Chestnuts are very different from everyonethe other nuts.
For one, they are a source of carbohydrates rather than fat.
But what nutritional value do they provide?
This guide examines the potential health benefits - and concerns - of chestnuts.
What are chestnuts?
First of all, chestnuts are botanically a “true nut”.Andculinary sense. For example, we think of almonds as nuts, but botanically they are drupes/seeds.
Peanuts? You are a legume, but again,we think they're crazy.
Chestnuts are a real nut, along with other types of nuts such as hazelnuts.
Chestnuts have been a popular part of the human diet for thousands of years, with historical records showing cultivation going back to at least 2000 BC.1).
Today, the nuts are popular around the world, and roasted chestnuts are synonymous with the festive season in the western world.
Unlike most nuts, chestnuts are a starchy food with a sweet taste.
types of chestnuts
There are dozens of chestnuts grown around the world, but there are five main types.
These chestnut varieties include;
- Castanea crenata:known as "Japanese chestnut" or "Korean chestnut".
- chestnut toothed:a species of American chestnut that grows in the eastern parts of the United States.
- Soft chestnut:the "Chinese" chestnut. China produces more chestnuts than any other country in the world (2).
- Castanea pumila:another American chestnut that grows predominantly in the eastern and southern states. It also bears the name "dwarf chestnut".
- Castanea sativa:this can also be referred to as "European chestnut", "sweet chestnut" or "Spanish chestnut". It grows throughout Europe and some regions of Asia.
key point:Chestnuts are a real nut with a long history of human cultivation.
The tables below show the complete nutritional facts for roasted chestnuts per 100 gram (3.5 oz) serving (3).
|Saturated Fatty Acids||0,4 g|
|Monounsaturated fatty acids||0.8g|
|Polyunsaturated fat||0,9 gr|
|Vitamin C||26,0 mg||43 %|
|Vitamin B6||0,5 mg||25 %|
|Folate||70,0 µg||17 %|
|Vitamin K1||7,8 µg||10 %|
|Niacin||1,3 mg||7 %|
|pantothenic acid||0,6mg||6 %|
|Vitamin E||0,5 mg||2 %|
|Vitamin A||1 µg RAE||0 %|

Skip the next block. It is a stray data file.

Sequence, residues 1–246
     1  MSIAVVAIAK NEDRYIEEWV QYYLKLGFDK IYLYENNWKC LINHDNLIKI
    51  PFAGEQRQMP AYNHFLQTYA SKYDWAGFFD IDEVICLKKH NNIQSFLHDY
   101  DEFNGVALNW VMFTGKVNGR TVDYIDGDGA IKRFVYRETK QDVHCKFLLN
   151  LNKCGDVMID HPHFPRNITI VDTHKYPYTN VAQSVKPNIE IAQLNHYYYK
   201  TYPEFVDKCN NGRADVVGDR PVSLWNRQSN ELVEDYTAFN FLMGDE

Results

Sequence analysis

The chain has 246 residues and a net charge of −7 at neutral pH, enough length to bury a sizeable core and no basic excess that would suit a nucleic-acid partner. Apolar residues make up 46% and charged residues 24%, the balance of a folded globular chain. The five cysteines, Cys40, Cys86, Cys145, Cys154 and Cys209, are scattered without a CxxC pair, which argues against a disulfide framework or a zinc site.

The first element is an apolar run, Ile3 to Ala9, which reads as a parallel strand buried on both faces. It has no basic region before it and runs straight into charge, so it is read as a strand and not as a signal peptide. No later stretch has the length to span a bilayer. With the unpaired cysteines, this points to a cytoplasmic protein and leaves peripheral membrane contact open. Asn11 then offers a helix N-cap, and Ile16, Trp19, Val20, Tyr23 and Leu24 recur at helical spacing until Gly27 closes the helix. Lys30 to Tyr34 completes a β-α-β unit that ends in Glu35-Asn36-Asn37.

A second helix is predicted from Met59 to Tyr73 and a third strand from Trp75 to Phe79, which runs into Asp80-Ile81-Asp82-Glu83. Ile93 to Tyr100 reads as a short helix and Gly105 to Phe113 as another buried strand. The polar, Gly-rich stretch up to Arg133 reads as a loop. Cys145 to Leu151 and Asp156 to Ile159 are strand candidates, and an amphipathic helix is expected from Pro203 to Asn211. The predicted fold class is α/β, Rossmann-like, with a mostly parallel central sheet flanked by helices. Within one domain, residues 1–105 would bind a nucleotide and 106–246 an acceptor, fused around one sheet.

|copper||0,5 mg||25 %|
|Potassium||592 mg||17 %|
|Magnesium||33,0 mg||8 %|
|calcium||29,0 mg||3 %|
|Selenium||1,2 µg||2 %|
|Sodium||2.0 mg||0 %|
key point:Chestnuts are primarily a source of carbohydrates and offer a pretty decent array of vitamins and minerals.
Health benefits of chestnuts
Chestnuts offer several benefits, mainly due to the vitamins and minerals they contain.
1) Reich an Vitamin C
It's rare to find vitamin C in nuts, but chestnuts provide a fairly large amount of the nutrient.
100 grams of chestnuts provide 26 mg of vitamin C, which is 43% of the daily value for the vitamin (4).
Vitamin C is an essential nutrient that plays a role in our immune health and may help fight infection (5,6).
In addition to vitamin C, chestnuts are also a good source of B vitamins.
key point:Chestnuts provide a good amount of vitamin C.
2) Chestnuts are an important source of polyphenols
Polyphenols are bioactive compounds found in plant foods that can have beneficial effects on our health.
With more than 1,215 mg polyphenols per 100 grams, chestnuts offer more of these compounds than almost any other food (7).
The majority of these compounds come from the phenolic acids ellagic acid and gallic acid.
Systematic reviews indicate that ellagic acid may have anti-cancer and anti-inflammatory properties (8,9).
It's worth noting, however, that most of this research comes from cell (test tube) and animal studies using potent extracts. As such, there is no evidence at this time that food-based dosages of ellagic acid can have these effects.
Regarding gallic acid, a recent randomized controlled trial showed that a small daily amount (15 mg) reduced plasma oxidized LDL and C-reactive protein by 24%. For comparison: 100 grams of chestnuts provide 480 mg of gallic acid (10,7).
That being said, there is very little human research on these compounds.
key point:Chestnuts are one of the foods richest in polyphenols.
3) Good source of copper
Copper is one of the main nutrients that we can find in chestnuts.
A 100 gram (3.5 ounce) serving contains 0.5 mg of copper, which is 25% of the mineral's Daily Value.